But just saying that, I feel different. I want to go write, make things happen for Luk and Emma. Sometimes it seems just saying “I know I need to change but I don’t know how,” brings its own light to the darkness. Being willing to admit there is a problem, and being open to the solution, begins the change process. Unless our story people go through their black moment, they can’t win through to their lasting happiness. And unless we admit we are in the dark, we can’t see the light when it comes.

Step one is to look at my expectations.

The reason I can play and have fun with other creative stuff is that I am not expecting to produce a professional result. I don’t compare my wobbly-seamed homemade dress with haute couture, or my lumpy-but-yum carrot cake with the work of a top patissiere. Yet for some crazy reason I think my first draft dreck should be as good as published writing, that has been maybe been rewritten, edited and polished twenty times by the writer from her first draft, with the help of an editor too?

The reason I take it so personally is that writing has become inextricably linked in my mind with my other major life goals. From when I was a young girl,  there were three things I wanted to achieve in my life. Have children and be a good mother, be a published writer, and build my own little house. Though not necessarily in that order.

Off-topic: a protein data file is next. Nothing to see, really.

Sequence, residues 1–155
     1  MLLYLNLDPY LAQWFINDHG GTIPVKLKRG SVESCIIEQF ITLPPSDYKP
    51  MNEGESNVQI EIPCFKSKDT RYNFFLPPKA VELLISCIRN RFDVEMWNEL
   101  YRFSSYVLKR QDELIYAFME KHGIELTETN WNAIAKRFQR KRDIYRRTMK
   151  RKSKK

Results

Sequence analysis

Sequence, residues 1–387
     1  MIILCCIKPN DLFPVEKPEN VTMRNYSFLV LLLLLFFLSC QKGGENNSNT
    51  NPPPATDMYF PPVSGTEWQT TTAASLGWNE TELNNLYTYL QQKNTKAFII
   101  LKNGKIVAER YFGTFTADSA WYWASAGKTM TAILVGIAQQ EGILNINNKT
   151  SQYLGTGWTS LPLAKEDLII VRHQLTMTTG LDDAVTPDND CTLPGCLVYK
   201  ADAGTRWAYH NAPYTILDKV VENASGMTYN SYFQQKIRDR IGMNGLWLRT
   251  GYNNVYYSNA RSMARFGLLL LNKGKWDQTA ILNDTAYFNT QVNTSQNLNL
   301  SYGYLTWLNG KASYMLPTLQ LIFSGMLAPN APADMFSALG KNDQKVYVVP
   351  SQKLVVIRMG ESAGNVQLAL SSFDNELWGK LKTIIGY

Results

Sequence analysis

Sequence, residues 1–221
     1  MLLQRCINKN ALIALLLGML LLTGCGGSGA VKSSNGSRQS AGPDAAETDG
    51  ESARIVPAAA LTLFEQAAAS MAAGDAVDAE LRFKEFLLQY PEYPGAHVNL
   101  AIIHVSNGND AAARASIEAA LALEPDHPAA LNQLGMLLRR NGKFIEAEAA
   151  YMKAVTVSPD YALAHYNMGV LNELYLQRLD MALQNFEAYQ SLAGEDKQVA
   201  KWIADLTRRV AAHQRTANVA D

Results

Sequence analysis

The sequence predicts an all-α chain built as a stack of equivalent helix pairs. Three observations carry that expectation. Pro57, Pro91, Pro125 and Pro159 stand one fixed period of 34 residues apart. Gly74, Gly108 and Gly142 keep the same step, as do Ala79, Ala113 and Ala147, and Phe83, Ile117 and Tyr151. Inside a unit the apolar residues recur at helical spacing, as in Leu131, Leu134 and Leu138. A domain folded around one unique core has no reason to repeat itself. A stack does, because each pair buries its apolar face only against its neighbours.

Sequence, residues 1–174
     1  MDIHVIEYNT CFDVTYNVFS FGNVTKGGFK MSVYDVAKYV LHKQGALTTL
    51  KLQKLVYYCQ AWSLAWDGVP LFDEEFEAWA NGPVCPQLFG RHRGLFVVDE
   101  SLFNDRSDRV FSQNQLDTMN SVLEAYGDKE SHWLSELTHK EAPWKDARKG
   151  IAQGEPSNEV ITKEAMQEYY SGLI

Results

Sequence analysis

For a long time, writing was the thing I worked on the most. I also renovated two houses. Then, in my thirties, emphasis shifted. All my focus was on having a baby. I didn’t write, apart from some journalling, didn’t think about much else. It probably wasn’t too healthy a way to be, especially when no matter how “good” I was, how much I followed the rules, I couldn’t make it happen. I think I have been in danger of making writing a replacement obsession. Also not healthy.

It’s a good thing that I’m letting myself have some time off, play with other creative stuff, have other loves and other interests. Monomania is never attractive! No need to feel guilty or as if I am somehow betraying myself by taking a break from the intensity of focus.

What is not good is making myself depressed, feeling a failure, thinking that wanting a weekend off from writing means I should give up.